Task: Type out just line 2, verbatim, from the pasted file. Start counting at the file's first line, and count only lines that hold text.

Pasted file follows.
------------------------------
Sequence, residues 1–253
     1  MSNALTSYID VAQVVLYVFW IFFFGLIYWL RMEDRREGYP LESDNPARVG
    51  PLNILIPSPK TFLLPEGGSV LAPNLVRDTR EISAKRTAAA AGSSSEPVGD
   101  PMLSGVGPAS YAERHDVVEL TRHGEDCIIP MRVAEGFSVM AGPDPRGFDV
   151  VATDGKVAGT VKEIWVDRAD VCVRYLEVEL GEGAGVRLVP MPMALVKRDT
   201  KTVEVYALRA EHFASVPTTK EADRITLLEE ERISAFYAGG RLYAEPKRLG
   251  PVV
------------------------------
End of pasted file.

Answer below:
     1  MSNALTSYID VAQVVLYVFW IFFFGLIYWL RMEDRREGYP LESDNPARVG